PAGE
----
In a world that prints increasingly fewer pages and substitutes them with apps, websites, emails, files, and virtualized documents, it is no surprise that the Imaging & Printing sector is facing major challenges. It is estimated that by 2018 enterprises will print 82.6 billion pages less than in 2015. In this landscape, many Imaging & Printing companies are rethinking their business model, successfully developing new products and solutions, rearranging their portfolio and eventually also their business structure. To facilitate this transition, increasingly flexible and efficient supply chain solutions will be required and solid partnerships with other industry players will become vitally important.

The Imaging & Printing devices market, totaling USD 46.0bn revenues in 2015, is expected to flatten out at a -0.6% 2015-18 CAGR which represents a decrement of USD -0.8bn. Longer device replacement cycles, combined with the market drop in physical prints, will be key drivers of this development. In terms of units, the Imaging & Printing devices market will also experience volume declines, with 101M units shipped in 2015 dropping to 99M by 2018.

Reflecting industry difficulties and growing economic uncertainty in emerging markets, only MEA and Europe will grow in revenues to 2018, while only MEA will see shipment growth. Referring to specific product segments (copiers, printers and multifunction products), copiers will experience both revenue and units growth. Almost 60% of copier revenues are from the color segment, growing by USD +1.1bn by 2018 and remaining one key pocket of growth for this market.

With regard to enterprise spending on printing, strong growth will originate in the Managed Print Service segment (USD +1.5bn increment by 2018; segment growing at +3.6% CAGR). Typically this is a service offered by an external entity that takes primary responsibility for meeting the customer's office printing needs, including the printing equipment, supplies, service, and overall management of the printer fleet. On the search for new sources of growth, many printing businesses are focusing on the services segment that remains still a solid source of revenue growth.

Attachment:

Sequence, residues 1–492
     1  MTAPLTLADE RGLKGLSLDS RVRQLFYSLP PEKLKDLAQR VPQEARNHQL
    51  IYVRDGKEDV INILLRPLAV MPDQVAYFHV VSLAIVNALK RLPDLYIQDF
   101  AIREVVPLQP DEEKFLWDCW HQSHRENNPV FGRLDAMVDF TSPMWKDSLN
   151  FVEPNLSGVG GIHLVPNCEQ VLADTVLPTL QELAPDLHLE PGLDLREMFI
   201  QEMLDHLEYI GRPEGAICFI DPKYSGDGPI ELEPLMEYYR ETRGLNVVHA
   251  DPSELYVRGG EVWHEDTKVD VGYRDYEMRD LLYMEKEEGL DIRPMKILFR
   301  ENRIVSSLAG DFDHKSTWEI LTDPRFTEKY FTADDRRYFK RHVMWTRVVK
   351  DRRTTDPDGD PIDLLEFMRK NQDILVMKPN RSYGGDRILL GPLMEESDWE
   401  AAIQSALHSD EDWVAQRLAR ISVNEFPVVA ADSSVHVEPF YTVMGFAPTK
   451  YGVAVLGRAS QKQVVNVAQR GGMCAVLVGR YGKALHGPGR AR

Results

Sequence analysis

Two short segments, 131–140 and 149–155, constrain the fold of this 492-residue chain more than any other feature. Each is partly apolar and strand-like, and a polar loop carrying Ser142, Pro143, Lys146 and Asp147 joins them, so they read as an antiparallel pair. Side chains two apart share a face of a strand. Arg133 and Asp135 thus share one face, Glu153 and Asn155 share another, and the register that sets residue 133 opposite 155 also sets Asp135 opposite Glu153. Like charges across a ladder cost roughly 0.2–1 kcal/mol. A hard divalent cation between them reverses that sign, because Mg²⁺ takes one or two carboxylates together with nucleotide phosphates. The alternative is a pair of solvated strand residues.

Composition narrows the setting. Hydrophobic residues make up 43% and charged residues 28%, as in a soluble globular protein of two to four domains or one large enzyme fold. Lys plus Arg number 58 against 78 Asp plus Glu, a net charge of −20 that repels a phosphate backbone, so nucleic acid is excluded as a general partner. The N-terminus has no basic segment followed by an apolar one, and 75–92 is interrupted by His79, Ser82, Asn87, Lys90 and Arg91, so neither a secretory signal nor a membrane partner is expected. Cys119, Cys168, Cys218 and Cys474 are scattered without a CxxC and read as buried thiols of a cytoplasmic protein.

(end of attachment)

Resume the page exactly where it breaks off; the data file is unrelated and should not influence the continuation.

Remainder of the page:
An interesting complementary market to monitor is also the one of printing consumables (a market that includes all items regularly replaced, such as ink, toner cartridges, imaging units, etc.). The development of this market is strictly linked to the drop in page volumes. Enterprise spending on consumables will decline at -5.2% CAGR, losing USD -11.9bn by 2018. The consumables decline is due to a sharp drop in office printing through 2017. As companies move to online communication and work processes, page volumes are bound to drop. Nonetheless, a slight page volume increment will originate in color print (+126bn pages by 2018), due to increasing market penetration of color technologies, combined with a drop in ink and toner prices. This color printer pages growth will, however, be insufficient to drive consumables revenue growth.

In conclusion, the Imaging & Printing market will undergo structural changes, and so will enterprises active in this industry. While the traditional hardware and consumables business will directionally decline over time, due to an inevitable drop in physical print demand, new and interesting opportunities will come from the services business. These changes will also have some major impacts on the supply chain. The decline in consumables and hardware sales will inevitably lead to lower shipment volumes and competitive pressure will increasingly require cost-efficient and flexible supply chain and logistics solutions to meet the needs of Imaging & Printing companies. Lastly, a more integrated supply chain will be required to support the increasing demand for Managed Print Services.


DHL will be publishing more Technology Subsector Market Monitors about PCs & Notebooks, Mobile Devices, Imaging and Printing, Semiconductors, Networks, Consumer Electronics, and Enterprise Computing.

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The Imaging & Printing Technology Subsector is among the key subsectors regularly monitored by DHL. This subsector includes different kinds of imaging and printing hardware and devices: Printer, Copiers, and MFPs. Printers are defined as peripheral output devices for producing computer-generated images on paper, using any of several marking technologies. Copiers are image-duplicating devices with integrated platens used to make copies. MFPs are multifunction products and include flatbed devices (that have a plane or horizontal scanning surface) and sheet-fed MFPs (that allow printing only in sheet form). CAGR is used as an abbreviation for Compound Annual Growth Rate and refers to the period 2015-2018. Data Source: Gartner 1Q 2016.

Published: July 2016

Images: DHL